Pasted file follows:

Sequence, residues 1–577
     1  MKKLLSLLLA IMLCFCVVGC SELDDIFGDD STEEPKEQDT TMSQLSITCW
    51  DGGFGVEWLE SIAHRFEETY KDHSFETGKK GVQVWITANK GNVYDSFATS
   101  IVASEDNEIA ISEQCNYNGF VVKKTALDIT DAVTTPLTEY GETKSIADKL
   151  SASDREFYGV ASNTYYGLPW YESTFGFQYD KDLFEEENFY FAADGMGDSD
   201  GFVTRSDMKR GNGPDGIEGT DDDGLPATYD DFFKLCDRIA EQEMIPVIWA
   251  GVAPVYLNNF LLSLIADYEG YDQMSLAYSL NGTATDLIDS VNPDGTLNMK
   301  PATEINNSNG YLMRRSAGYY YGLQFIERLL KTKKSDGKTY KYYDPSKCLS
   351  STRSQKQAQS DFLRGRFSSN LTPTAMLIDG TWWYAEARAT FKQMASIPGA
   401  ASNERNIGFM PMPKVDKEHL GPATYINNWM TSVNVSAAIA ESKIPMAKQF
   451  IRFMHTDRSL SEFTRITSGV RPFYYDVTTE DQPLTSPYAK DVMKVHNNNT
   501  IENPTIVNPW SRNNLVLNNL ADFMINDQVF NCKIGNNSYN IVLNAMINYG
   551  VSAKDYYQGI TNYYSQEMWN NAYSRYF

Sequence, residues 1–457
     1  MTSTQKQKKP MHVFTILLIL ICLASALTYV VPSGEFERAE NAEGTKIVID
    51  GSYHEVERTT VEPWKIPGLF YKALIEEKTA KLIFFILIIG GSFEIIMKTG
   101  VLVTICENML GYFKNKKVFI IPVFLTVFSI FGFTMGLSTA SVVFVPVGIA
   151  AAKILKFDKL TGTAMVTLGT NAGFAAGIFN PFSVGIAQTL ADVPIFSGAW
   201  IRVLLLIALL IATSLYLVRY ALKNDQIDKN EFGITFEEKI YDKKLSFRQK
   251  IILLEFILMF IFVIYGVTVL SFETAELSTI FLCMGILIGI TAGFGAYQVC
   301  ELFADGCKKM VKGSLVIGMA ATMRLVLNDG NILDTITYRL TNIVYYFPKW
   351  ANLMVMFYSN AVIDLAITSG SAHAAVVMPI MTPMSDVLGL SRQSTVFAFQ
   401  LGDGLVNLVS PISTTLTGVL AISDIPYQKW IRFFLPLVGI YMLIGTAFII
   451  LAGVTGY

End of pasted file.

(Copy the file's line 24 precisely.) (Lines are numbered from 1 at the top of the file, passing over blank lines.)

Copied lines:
   451  LAGVTGY